And because he has, we, too, will one day rise. That resurrected body will be our permanent home; it will be the immortality we put on over this body. Instead of a groaning body, we will live an eternity with Jesus.

 

But we are not there yet. We are still alive, and Paul says that is good. It is good when we are always of good courage as we walk by faith. How do we do that? By seeking to please the Lord with our bodies. Paul says, “We make it our aim to please him” (v 9).

 

Sometimes that calls for courage in a world where the sanctity of human life is often thrown away. So we take a courageous stand for those who have not yet been born, for the children growing up in the inner city who do not get a good education, for those who are struggling with 
depression and discouragement and thoughts of suicide, 
and for those who can no longer fully take care of themselves in their old age.

 

Or maybe living the good life calls for a courageous stand in the midst of what’s happening with sexuality, gender, and marriage. We simply say marriage is between a man and a woman and all sexuality, all nakedness, is to be in that relationship and that relationship alone. In a triple-X world, that calls for courage.

 

But perhaps the greatest courage is to say no to our own bodies. We need to say no to the desires we have that will not please the Lord, whether it’s a desire for more money and stuff instead of being content, or jealousy instead of rejoicing with what someone else has, or anger instead of seeking peace, or ugly words that we want to use instead of building someone up, or looking at things that our eyes should never see.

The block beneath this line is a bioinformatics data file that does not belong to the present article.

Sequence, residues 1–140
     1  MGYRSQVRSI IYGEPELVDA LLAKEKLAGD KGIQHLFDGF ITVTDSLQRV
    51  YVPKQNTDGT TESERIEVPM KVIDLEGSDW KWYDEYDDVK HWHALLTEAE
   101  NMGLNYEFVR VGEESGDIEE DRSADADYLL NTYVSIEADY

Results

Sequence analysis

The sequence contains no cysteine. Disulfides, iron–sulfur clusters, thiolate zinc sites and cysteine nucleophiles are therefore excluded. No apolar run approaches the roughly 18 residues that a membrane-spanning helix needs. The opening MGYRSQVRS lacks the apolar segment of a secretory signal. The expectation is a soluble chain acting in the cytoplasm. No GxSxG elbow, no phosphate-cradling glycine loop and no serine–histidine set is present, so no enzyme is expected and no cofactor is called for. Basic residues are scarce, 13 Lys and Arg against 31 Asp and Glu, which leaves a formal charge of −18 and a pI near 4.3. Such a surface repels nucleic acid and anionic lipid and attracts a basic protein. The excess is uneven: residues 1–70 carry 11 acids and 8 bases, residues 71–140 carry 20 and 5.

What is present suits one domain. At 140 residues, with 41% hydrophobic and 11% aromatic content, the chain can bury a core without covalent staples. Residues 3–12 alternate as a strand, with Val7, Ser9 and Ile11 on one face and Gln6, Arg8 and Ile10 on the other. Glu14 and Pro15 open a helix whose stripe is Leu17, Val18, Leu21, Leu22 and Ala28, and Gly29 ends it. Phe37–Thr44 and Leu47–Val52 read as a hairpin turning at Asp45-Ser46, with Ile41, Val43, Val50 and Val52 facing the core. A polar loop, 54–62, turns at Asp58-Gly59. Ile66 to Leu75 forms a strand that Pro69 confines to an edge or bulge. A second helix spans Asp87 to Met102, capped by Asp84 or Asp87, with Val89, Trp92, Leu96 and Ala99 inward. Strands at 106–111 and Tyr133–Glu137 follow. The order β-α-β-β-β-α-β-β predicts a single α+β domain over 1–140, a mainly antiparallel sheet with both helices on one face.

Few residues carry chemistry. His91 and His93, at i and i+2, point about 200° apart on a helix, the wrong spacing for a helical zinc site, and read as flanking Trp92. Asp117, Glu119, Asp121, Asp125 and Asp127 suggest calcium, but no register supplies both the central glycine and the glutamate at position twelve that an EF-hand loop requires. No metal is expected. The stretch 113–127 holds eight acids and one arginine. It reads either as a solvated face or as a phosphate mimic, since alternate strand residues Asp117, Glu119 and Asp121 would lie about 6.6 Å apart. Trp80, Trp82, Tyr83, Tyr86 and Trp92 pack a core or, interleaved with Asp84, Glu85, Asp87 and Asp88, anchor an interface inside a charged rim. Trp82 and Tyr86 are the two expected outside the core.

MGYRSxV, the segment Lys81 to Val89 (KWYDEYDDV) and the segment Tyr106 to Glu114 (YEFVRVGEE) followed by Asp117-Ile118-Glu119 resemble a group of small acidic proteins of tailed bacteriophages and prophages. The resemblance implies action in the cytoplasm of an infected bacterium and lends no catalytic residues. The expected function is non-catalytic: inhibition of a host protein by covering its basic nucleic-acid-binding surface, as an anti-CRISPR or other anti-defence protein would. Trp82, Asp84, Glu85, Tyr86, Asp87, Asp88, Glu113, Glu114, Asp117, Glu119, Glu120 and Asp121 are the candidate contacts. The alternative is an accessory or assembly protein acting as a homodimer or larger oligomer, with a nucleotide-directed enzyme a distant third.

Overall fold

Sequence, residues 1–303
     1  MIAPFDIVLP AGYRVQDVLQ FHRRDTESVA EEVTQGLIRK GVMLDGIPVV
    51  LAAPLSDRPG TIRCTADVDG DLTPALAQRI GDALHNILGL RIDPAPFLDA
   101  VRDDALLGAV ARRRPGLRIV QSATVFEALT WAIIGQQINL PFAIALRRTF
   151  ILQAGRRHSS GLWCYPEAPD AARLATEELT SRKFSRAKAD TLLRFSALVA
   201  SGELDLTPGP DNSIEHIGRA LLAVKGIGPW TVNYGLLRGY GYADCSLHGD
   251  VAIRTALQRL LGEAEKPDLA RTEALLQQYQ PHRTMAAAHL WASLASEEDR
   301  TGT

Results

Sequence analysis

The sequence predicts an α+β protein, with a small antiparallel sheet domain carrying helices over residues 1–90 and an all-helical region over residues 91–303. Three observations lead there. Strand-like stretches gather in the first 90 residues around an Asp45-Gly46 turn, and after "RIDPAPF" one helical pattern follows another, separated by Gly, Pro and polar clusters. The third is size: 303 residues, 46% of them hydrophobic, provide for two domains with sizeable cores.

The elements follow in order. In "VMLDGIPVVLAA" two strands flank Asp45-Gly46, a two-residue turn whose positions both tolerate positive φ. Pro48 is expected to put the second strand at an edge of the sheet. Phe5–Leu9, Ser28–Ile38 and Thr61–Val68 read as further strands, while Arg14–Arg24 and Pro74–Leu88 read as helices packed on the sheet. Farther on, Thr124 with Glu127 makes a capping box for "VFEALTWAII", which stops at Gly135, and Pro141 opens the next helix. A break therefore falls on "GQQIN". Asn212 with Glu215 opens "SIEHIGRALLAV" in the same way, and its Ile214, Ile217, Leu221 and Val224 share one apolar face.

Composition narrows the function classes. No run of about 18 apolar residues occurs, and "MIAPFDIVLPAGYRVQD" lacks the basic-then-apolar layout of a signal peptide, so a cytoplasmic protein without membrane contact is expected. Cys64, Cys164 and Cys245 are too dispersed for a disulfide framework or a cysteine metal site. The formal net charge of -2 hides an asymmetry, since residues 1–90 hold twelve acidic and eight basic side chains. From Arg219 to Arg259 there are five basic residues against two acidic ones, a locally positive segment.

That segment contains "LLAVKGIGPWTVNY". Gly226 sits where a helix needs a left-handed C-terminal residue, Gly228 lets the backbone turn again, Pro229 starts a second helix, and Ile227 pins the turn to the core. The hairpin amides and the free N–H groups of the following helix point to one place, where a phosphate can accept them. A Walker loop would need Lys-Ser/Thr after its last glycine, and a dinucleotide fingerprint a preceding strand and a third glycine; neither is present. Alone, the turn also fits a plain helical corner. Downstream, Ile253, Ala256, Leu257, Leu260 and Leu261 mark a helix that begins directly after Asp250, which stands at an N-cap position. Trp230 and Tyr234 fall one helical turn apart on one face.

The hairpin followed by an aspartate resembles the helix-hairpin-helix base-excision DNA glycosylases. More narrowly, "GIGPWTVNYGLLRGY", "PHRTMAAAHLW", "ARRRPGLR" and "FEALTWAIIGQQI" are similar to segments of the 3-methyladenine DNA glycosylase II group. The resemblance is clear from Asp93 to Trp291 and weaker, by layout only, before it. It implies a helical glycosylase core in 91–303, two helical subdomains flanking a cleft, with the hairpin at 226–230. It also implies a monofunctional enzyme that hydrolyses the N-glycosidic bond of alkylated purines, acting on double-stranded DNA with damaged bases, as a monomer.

We need to have the courage to say no when our bodies are not doing what’s pleasing to the Lord. We need the courage to say no to some things and yes to what pleases the Lord.

 

Now such a courage comes not from within ourselves but from that promised, guaranteed Holy Spirit. The Spirit works through the Word and Sacraments to give us that good courage even when so many things we see and hear can discourage us.

 

Go to an emergency room setting. In the room, I said to my wife after the doctor left, “Please go home and get my Bible.” That night I read the psalms like I had never read the psalms before. I read promises from the New Testament like I had never read them before. Was I scared? Yes. Discouraged, disheartened, fearful, doubting? Yes, I’ll admit that. Yet in the midst of that, as I read the Bible, the guaranteed Holy Spirit worked in me good courage to walk by faith.

 

As it turned out, it was not a cancerous mass on my kidney. I had an infection in my kidney, and the fluid had pushed the outer wall of the kidney away from the kidney itself. It gave an appearance of a mass on the x-ray. A significant dosage of antibiotics and about three to four weeks of staying home took care of it.

 

    I’ll tell you that night it was difficult to be of good courage. Yet the Spirit gave me that courage. That’s the guarantee you have too.

 

It is good to walk by faith and not by sight in this life, to be of good courage, to do what is pleasing to the Lord. It is better to die and go to be with him. But what is best is yet to come. And so, always, we are of good courage. Amen.

 

Now may the peace of God which far surpasses our human understanding guide and keep us in the one true faith until life everlasting…Amen